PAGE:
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The Metro Bars & Clubs 2005 Guide
[ Intro | 20 Years of Bars and Clubs | Bartender Profiles | San Jose | Campbell | Cupertino | Los Altos | Los Gatos | Menlo Park | Mountain View | Palo Alto | Redwood City/Peninsula | Santa Clara | Saratoga | Sunnyvale ]

Hair Metal to Ultralounge

The 20-year evolution of the valley's club scene

WHEN FONDLY plowing through the past 20 years of bars and clubs with the utmost nostalgia, because this is Metro's 20th anniversary year, we would obviously begin in 1985.

The insidious hair-metal hysteria was then the rage. In Campbell, Zapp's, Smokey Mountain and later Puma's were home to every local wannabe Hollywood rock band. (Most of those guys are now construction workers.) Venues like the Cabaret at Saratoga and 280 and the Keystone Palo Alto booked national acts. Downtown had nothing but old school dive bars and pickup places like Paradise Beach and D.B. Cooper's. The punk and alternative bands had to settle for basement gigs, college buildings, rented spaces, backyards or the few clubs that did surface, like the Laundryworks or One Step Beyond.

Then the Cactus Club opened in December of 1988 and inspired other folks to start nightclubs in the area. Marsugi's already existed where Agenda sits now, and after Ajax and F/X opened up, a thriving alternative-music scene emerged. For live music, downtown was the area to go. Of course, like all countercultures, it couldn't last forever, and the city had no vision to ensure that it would. So, gargantuan tri-story nightmares like Dimensions and Polly Esther's soon emerged. Over at the Pavilion Shops, the megaclub San Jose Live lasted a few years.

Other pockets of night life in Sunnyvale, Mountain View and Los Gatos continued to attract folks. Mountain Charlie's in Los Gatos still draws in regulars. The Cactus Club threw in the towel in 2002; the city just didn't seem to want anyone under 21 having fun on South First Street, and live music fell by the wayside in favor of DJ nights at most places.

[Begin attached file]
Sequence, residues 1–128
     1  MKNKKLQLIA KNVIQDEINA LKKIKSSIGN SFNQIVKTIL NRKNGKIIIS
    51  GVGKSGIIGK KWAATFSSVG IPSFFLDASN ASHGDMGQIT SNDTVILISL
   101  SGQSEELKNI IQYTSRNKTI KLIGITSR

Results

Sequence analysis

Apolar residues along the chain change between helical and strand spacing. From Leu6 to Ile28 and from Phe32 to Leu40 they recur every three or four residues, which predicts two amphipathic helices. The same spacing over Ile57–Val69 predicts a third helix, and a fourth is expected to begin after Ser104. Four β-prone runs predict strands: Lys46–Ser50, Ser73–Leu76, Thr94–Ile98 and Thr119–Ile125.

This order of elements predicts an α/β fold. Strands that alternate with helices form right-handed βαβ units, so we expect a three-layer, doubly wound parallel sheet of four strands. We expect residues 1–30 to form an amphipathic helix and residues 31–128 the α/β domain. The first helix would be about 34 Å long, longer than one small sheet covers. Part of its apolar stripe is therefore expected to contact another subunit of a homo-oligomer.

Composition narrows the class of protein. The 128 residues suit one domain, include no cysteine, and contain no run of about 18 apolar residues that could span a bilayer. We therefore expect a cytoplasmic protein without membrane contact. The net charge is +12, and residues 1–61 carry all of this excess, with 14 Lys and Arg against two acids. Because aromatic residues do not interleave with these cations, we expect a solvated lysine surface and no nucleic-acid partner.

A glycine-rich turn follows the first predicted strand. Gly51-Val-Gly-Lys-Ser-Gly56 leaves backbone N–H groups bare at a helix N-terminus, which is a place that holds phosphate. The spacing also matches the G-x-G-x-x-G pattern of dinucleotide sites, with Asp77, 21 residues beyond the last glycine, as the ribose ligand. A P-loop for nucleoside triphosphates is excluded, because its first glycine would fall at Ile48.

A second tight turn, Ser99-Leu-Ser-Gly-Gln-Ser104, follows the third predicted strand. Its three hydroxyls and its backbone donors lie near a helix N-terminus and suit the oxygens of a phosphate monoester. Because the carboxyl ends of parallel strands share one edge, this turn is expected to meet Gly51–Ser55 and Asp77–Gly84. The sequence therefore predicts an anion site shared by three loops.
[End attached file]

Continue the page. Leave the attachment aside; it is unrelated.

Out of that primordial soup grew the ultralounge phenomenon, birthing a studied urban modernist coolness that previously inhabited places like Miami and New York. First the Vault, Blue Monkey and Paragon swept in with designs that ranged from funky interpretations of global and historical themes to ultraminimalism—along with large vodka selections. They were followed by other temples of cool like the velvet-seated SoFA Lounge and sleek Fahrenheit of flat panel animations and blue backlit frosted glass. On the big concept front, SoFA's Cabana transformed itself into Glo, Blue Tattoo gave way to Deep and the Banker's Club reinvented itself as Studio 8, an ambitious dance venue with VIP areas, velvet ropes, reserved tables, bottle service and go-go dancers.

Who knew that a grubby rock scene would grow up to become a regional urban attraction with lines, limos, dress codes and $300 bottles of champagne? That hip hop icons would be pulling up in pimped out Escalades to scope out the scene at Ambassadors? That lonely gay clubs would someday rub shoulders in a nascent district? That people would drive from Salinas and the Central Valley to salsa-step at Club Miami? Or that Latin trannies would have two nights to their fabulous selves at Lido?

As we wait for the next new club, Angels, to take the craft paper off its polished purple-heart floors at First and San Sal, we'll chill at the cozy Dive Bar. In today's club scene, there's something for everyone. In this issue, you can read about 240 bars and clubs, new and old, that are happening now.

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From the June 22-28, 2005 issue of Metro, Silicon Valley's Weekly Newspaper.

Copyright © 2005 Metro Publishing Inc. Metroactive is affiliated with the Boulevards Network.

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